Relatives carry the body of 18-month-old Palestinian toddler Ali Saad Dawabsha, who died after his house was set on fire by Jewish settlers, during his funeral in the West Bank village of Duma on July 31, 2015
Relatives carry the body of 18-month-old Palestinian toddler Ali Saad Dawabsha, who died after his house was set on fire by Jewish settlers, during his funeral in the West Bank village of Duma on July 31, 2015 © Thomas Coex - AFP/File
Relatives carry the body of 18-month-old Palestinian toddler Ali Saad Dawabsha, who died after his house was set on fire by Jewish settlers, during his funeral in the West Bank village of Duma on July 31, 2015
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Jean-Luc Renaudie
Last updated: August 2, 2015

Attacks spark calls for Israeli crackdown on Jewish extremists

Israel faced mounting pressure on Sunday to crack down on Jewish extremists after a firebombing that killed a Palestinian child and the stabbing of six Gay Pride marchers drew widespread outrage.

Friday's firebombing of a Palestinian family's home in the West Bank by assailants suspected of being Jewish settlers has further inflamed tensions between Israelis and Palestinians, with clashes breaking out in various cities.

On Sunday morning, Palestinian protesters clashed with Israeli police at Jerusalem's Al-Aqsa mosque, one of Islam's holiest sites, though calm was later restored.

The stabbings at the Gay Pride march in Jerusalem on Thursday night has also put a spotlight on Jewish extremists, with an ultra-Orthodox man accused of carrying out the violence only weeks after being released from prison for a similar attack.

Prime Minister Benjamin Netanyahu has firmly condemned both attacks and called the firebombing "terrorism" -- a word usually used by Israelis to refer to violence by Palestinians. On Sunday, he spoke of "zero tolerance" for such acts.

But despite the prime minister's strong words, many have accused his government of failing to address the problem of Jewish extremism and of going dangerously far in its support for right-wing settler groups.

"Those who incite against Israel's Arab citizens should not be surprised when churches and mosques are set on fire, and when finally a baby is burned in the middle of the night," ex-president Shimon Peres told an anti-violence rally in Tel Aviv on Saturday night.

His comments were seen as at least partly directed at Netanyahu, who on election day in March caused outrage when he warned that Arabs were being mobilised "in droves" to the ballot boxes.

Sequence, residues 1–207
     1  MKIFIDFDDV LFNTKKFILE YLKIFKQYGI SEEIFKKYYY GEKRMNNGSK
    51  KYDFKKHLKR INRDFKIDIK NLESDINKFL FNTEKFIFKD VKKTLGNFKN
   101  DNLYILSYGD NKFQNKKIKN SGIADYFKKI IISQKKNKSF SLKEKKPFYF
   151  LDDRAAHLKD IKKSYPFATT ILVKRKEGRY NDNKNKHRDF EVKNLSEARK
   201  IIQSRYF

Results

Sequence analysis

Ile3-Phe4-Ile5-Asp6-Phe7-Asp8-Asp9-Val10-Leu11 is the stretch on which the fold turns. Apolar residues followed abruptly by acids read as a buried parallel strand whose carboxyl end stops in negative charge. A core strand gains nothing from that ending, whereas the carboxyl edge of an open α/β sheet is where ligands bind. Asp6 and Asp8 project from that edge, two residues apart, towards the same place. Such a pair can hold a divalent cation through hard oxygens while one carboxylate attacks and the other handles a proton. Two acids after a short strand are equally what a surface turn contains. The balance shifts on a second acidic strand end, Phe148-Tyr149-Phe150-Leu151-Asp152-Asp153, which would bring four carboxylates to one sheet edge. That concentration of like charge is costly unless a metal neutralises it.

Last week, Education Minister Naftali Bennett addressed protesters at a West Bank outpost where settlers clashed with police when authorities moved in to seize two buildings ruled illegal by the Israeli High Court.

On the same day demolition of the two unfinished buildings began, Netanyahu, who has only a one-seat majority in parliament, approved the immediate construction of 300 new homes in the same area.

- 'Incomprehensible' -

While Netanyahu and others have sought to avoid further escalation since the arson attack, no arrests have been announced.

The firebombing which killed 18-month-old Ali Saad Dawabsha also left his parents and four-year-old brother critically wounded. Hospital officials said Sunday their lives remained at risk.

The family's small brick and cement home in the village of Duma was gutted by fire, while a Jewish Star of David was spray-painted on a wall along with the words "revenge" and "long live the Messiah".

The graffiti was indicative of so-called "price tag" violence -- nationalist-motivated hate crimes by Jewish extremists. Some have speculated that the attack was revenge for the demolition of the two buildings last week.

On Sunday, Defence Minister Moshe Yaalon authorised the use of a controversial detention procedure for suspects in the firebombing generally reserved for Palestinians.

The procedure, known as administrative detention, allows suspects to be held indefinitely without charge, theoretically to allow investigators to gather evidence while preventing further attacks.

Israel has been accused of abusing the procedure to keep militants behind bars without trial.

But many have urged the government to do more and questioned why Jewish extremist attacks rarely lead to arrests and convictions.

"It is incomprehensible that a state... which has been a role model for how to fight terrorism and whose doctrines are copied by many security agencies around the globe, finds it difficult to deal with a few hundred terrorists and their helpers," security analyst Yossi Melman wrote in the Jerusalem Post.

According to Israeli human rights group Yesh Din, some 85 percent of cases involving "ideological crimes" are closed due to investigative failures with no charges filed.

As for the suspect in the Gay Pride stabbings, who was arrested immediately after the attack, police have faced questions over how he was allowed near the march so soon after he had completed a jail sentence for a similar crime.

He had also posted a letter on the Internet speaking of the "abomination" of a Gay Pride parade being held in the Holy City and the need to stop it.

Netanyahu said on Sunday that he had "instructed security and law enforcement officials to use all legal means at their disposal" to deal with the suspects in both attacks.

"We are determined to vigorously fight manifestations of hate, fanaticism and terrorism from whatever side," he said.

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